We’re Inadvertently Sending Kids The Wrong Messages About Beauty And Body Positivity

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I used to talk about fat a lot. I used to talk about how I felt fat, how I looked fat, how I needed to lose fat. I talked about dieting, how I couldn’t eat certain foods. But I tried to temper it by pointing out how other body types, skin colors, etc. were beautiful. Basically, I talked about beauty a lot.

Science says that was all a giant mistake.

None of us want to pass our body image issues to our kids. In our daughters, they’ll play out as the same issues, passed down through the generations. In our sons — god, in our sons, they may show up as preferences for a certain type of woman, may lead them to turn down women who don’t meet some fucked up, media-manufactured beauty ideal. We want the buck to stop with us.

Except we’re doing a really, really bad job of it.

A 2016 study, Body Dissatisfaction and Its Correlates in 5- to 7-Year-Old Girls: A Social Learning Experiment, published in Journal of Clinical Child and Adolescent Psychology, found that girls mimic what their mothers say about their own bodies. They had girls talk about their bodies, then listen to their mothers talk about their own, then talk about their bodies again, all in front of a mirror. The girls’ descriptions changed based on what their moms said.

In other words: what we say in front of our kids about our bodies matters. Imagine you describe yourself negatively as fat,  then asked your son to describe an ideal female body. Bet he’d say it was thin.

So all my negative fat-talk (which we’ve since banned in our house as toxic in the name of body positivity), and all the negative fat-talk my sons absorb from relatives (which we can’t control) contributes to their view of female bodies. What are we telling our kids when we say our fat bodies are bad bodies, when we constantly discuss dieting and carb-counting and “bad” foods? Both boys and girls absorb these messages, and the messages aren’t good ones.

But my pointing out fat women as beautiful is good, right? I was doing a good thing by naming beauty when I saw it? Just as telling your daughter she’s beautiful is a good thing? Wrong, says The Atlantic. When we do that, we still tell our daughters — and our sons — that women are most valued for their beauty. Sure, we might talk about strong soccer players and brave astronauts. But how much do we also talk about Rapinoe’s purple hair?

Our daughters hear that, sure, it’s great to be brave and smart and strong. But it’s most important to be beautiful. Our sons hear that girls can be brave and smart and strong, but women are at the most important, their most valuable, and their most attractive when they conform to the narrow standards pushed by modern media conglomerates. Yikes.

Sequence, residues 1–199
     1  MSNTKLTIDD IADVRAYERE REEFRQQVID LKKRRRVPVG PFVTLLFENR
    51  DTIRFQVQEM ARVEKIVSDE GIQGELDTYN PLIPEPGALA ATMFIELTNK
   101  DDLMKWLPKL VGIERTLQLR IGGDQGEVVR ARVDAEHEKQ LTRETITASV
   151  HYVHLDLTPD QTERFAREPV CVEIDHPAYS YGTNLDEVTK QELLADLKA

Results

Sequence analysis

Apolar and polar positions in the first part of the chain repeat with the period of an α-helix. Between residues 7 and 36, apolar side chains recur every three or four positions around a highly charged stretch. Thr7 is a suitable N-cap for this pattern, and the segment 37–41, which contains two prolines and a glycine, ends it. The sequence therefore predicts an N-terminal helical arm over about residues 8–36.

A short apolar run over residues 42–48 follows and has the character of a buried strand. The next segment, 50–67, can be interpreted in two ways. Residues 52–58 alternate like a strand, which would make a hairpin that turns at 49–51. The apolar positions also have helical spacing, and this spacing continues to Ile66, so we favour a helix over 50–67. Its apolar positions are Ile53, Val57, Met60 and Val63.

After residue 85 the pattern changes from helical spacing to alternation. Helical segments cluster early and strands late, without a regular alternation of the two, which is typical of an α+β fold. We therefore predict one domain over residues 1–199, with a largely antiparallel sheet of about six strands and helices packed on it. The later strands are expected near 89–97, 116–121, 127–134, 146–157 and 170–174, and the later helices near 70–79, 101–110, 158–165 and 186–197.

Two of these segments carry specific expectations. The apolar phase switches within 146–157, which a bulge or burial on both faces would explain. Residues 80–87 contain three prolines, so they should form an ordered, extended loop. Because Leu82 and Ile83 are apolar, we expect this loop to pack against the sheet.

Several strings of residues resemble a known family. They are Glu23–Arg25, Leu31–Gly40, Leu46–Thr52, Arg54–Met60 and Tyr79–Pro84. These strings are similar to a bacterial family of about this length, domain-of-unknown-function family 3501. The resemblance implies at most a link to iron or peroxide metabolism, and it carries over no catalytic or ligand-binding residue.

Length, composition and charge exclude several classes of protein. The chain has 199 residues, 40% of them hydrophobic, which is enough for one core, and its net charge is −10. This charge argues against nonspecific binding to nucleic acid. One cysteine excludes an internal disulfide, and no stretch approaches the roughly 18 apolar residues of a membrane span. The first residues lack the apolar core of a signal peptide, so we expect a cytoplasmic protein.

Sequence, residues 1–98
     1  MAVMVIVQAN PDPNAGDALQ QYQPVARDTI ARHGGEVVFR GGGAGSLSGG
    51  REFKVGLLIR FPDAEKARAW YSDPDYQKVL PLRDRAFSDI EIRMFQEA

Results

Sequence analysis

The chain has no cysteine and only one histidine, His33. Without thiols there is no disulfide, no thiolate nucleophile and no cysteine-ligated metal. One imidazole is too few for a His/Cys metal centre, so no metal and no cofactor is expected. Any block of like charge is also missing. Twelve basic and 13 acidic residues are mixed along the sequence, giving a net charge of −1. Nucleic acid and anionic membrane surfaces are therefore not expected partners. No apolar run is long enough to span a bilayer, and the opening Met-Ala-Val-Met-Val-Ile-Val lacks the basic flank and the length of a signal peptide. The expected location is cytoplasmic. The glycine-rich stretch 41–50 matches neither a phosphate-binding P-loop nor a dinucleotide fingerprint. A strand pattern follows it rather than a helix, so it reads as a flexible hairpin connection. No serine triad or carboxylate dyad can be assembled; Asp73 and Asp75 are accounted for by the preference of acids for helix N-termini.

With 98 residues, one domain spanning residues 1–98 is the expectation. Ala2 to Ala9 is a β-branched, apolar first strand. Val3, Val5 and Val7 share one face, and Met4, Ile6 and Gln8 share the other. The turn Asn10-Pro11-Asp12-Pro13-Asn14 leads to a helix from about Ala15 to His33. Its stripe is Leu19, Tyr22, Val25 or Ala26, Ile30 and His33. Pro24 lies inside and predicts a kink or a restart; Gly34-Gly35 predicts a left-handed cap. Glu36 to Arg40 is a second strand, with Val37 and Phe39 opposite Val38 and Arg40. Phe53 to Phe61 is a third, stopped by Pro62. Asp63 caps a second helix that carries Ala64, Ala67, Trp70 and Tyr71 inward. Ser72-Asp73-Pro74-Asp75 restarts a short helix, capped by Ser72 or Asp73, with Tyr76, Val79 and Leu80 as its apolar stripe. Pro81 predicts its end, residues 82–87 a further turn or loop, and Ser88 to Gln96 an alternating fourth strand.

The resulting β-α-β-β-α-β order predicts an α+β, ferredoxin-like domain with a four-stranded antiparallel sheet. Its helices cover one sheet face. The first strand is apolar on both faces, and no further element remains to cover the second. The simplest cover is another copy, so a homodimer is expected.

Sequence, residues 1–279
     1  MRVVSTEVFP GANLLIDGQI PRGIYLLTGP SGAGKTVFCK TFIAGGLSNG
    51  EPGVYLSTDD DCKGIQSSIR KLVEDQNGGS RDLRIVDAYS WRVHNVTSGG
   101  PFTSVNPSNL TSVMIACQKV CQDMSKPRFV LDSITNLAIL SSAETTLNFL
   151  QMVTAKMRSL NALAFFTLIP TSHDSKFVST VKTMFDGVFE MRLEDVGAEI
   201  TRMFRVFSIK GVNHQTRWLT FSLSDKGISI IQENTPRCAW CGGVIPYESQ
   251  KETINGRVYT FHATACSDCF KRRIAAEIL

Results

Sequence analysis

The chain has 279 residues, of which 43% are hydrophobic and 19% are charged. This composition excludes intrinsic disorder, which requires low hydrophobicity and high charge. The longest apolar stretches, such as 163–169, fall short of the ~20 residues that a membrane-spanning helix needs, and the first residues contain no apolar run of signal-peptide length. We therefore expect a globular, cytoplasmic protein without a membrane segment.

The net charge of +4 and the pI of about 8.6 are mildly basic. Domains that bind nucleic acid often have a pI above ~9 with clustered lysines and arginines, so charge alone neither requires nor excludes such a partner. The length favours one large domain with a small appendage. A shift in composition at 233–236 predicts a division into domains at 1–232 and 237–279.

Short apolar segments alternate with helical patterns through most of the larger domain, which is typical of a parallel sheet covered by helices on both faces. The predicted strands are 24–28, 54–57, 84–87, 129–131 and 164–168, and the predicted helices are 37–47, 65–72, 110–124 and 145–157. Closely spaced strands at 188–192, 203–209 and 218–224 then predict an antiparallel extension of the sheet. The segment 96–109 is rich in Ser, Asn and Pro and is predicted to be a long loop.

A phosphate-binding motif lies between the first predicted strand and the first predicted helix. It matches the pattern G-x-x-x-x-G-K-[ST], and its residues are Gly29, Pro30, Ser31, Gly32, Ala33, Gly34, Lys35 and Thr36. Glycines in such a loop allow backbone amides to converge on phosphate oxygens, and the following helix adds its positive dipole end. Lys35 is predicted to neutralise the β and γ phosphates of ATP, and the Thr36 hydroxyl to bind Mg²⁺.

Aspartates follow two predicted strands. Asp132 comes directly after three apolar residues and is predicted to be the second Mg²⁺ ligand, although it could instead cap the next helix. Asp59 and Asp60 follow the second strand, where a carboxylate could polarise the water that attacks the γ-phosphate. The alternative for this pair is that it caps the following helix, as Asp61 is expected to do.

So maybe everyone’s beautiful? Nope, says The Atlantic. If everyone’s beautiful than no one’s beautiful, and everyone knows that beauty exists. You’re shoving the discussion aside. Moreover, “It’s not everyone’s job to be beautiful,” Renee Engeln, a psychology professor at Northwestern who studies body image and the media, tells The Atlantic. “If what you really mean when you call your daughter beautiful is that she is strong, smart, resilient, or funny, use those more specific adjectives instead.”

Instead, we need to realign our values. The Atlantic recommends valuing bodies for their capabilities: their ability to run and hike, to pilot a wheelchair, rather than to look a certain way. Value food for the way it tastes, for the way it makes you feel full or not full, for its nutritional content, rather than for its caloric content or carb count.

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We also need to talk more. Starting from a young age, we need to talk to girls — and to boys — about the way modern media portrayals bodies. While The Atlantic article focuses on girls, as the mother of sons, I know that body image issues can be just as damaging to boys. What do cartoon characters look like, we can ask. Do people look like that in the real world? What do dolls look like? Look at the people on magazine covers and in TV shows: their faces, their hair, their bodies. Do you see people like them walking down the street every day? Why do you think you don’t? Do you see a fair representation of people of color? What about nonbinary people, or people whose appearance may not fit neatly into one gender or another? Where are they?

Most importantly, we can ask our sons and daughters who might benefit from these kinds of images. When you see a model on the cover of a magazine, what might it make you feel, and what might you do in response? When you see a muscular man pumping iron, how would you feel about your body, and what might you feel like you should do? What does it make you feel like girls and boys should look like?

And most importantly: is that realistic, or not?

What should be more important: how someone looks, or other qualities they exhibit? This is what we need to teach our children. Beauty is in the eye of the beholder, and beauty isn’t the thing on the cover of a magazine. True beauty is smart, strong, talented; it’s grit and toughness and persistence, accomplishments and kindness. I want my sons to learn that. And if I do, I need to stop talking about my appearance, good and bad. I need to start praising something else. And the sooner, the better.